Importance of Earthing Only One End of a Cable

Multi-core cables are particularly used for control, instrumentation, computers and telecommunications. These cables carry very small currents in their conductors compared to power cables. These currents feed into very sensitive electronic circuits. The system design of these electronic circuits must take account electromagnetic interference (EMC) that can be induced into the multi-core cable conductors.

To mitigate EMC, screens are provided around on these mutli-core cables. The screens are grouped typically two, three or four conductors to discharge static charges that can otherwise accumulate and create noise or damage at the terminal equipment. Screens are also provided around all the conductors in the cable for a similar reason.

Stray Currents

If a screen is earthed at both ends of its cable then a 'stray' current may be caused to flow in the screen. The reason for this is, the earth potential at each end of the cable may not be exactly the same or both zero. A few millivolts difference due to stray currents, or worst fault currents, the local earthing system will cause interference the electronic signals.

The stray current flowing along the screen will magnetically induce currents into the core conductors. It is therefore common practice to earth the cable screens only at one end of the cable. The bonding of each screen is made at a specially designed 'clean earth' busbar mounted inside, for example, a control panel or marshalling box.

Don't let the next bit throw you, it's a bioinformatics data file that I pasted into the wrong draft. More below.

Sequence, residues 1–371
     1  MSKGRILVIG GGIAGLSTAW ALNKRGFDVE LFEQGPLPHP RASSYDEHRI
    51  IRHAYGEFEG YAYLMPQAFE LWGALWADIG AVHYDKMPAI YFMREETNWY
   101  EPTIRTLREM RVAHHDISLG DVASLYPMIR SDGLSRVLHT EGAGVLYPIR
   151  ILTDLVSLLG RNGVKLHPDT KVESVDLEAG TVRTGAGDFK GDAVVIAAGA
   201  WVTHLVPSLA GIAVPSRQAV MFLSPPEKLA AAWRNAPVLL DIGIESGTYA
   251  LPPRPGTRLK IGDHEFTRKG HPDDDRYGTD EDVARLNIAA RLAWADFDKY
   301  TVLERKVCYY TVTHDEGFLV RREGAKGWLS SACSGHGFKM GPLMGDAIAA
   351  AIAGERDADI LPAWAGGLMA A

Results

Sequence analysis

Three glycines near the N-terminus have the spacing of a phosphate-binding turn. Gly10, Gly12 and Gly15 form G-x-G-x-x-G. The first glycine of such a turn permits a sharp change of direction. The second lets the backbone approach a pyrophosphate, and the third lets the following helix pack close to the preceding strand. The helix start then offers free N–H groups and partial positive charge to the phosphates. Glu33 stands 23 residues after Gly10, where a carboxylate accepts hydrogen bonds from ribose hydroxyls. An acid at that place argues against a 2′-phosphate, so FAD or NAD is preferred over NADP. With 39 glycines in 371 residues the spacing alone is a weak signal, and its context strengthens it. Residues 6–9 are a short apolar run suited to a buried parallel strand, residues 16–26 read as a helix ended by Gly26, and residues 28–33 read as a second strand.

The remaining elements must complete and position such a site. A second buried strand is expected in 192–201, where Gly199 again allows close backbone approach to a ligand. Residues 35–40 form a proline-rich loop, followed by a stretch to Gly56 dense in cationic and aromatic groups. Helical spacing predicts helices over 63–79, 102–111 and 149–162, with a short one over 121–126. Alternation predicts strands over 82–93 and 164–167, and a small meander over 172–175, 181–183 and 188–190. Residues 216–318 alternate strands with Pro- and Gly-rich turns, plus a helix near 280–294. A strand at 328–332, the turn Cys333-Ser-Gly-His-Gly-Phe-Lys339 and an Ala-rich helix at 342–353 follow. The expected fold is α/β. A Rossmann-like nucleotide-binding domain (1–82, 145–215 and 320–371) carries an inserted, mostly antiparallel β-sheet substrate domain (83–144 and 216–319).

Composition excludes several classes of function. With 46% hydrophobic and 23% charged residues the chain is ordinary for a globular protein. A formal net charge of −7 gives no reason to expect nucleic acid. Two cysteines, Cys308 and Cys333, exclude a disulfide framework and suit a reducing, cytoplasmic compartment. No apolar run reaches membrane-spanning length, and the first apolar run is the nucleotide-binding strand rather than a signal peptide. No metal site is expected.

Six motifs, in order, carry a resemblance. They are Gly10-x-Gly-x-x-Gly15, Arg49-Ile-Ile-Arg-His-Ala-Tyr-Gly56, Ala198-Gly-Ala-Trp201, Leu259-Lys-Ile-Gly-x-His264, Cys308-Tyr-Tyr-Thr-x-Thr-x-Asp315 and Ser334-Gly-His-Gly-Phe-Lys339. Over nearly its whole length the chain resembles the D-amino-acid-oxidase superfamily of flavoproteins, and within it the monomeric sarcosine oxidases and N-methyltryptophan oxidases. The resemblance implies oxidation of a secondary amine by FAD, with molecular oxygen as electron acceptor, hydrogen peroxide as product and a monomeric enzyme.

Power Cables

High voltage power cables above 3000 V are provided with graphite semiconducting screens at the surface of the conductor and on the outside surface of the insulation. The purpose of the screen around the conductor is to control the potential gradient, or electric stress, in the insulation that is close to the conductor. The high surface voltage is accompanied with a very rapid fall in potential just inside the insulation measured in volts/mm.

The natural insulating property of the insulating material is limited by the maximum potential gradient at any point within its structure. If the maximum gradient is exceeded then local breakdown and discharge will occur which is called "partial discharge". If this continue for a long time the insulation will eventually fail.

In a cable the stress is greatest at the surface of the conductor. This screen is not earthed. It must be bonded to the inner sur- face of the insulation very carefully so that no pockets or gaps exist, which could also promote local discharges.

A similar screen is placed around the outer surface of the insulation, especially with multi-core high voltage cables so as to maintain a radial stress pattern in each core. A metallic tape is placed over the semiconducting screen. The tape may be made of tinned copper, bronze or aluminium. The semiconducting screen is used to ensure a good electrical contact is made with both the insulation and the tape. This is necessary to avoid local highly stressed areas on the surface of the insulation, so that it is not weakened. The tape is usually bonded to earth at the switchgear end of the cable. At the switchgear the bonding will be taken to the internal earth busbar.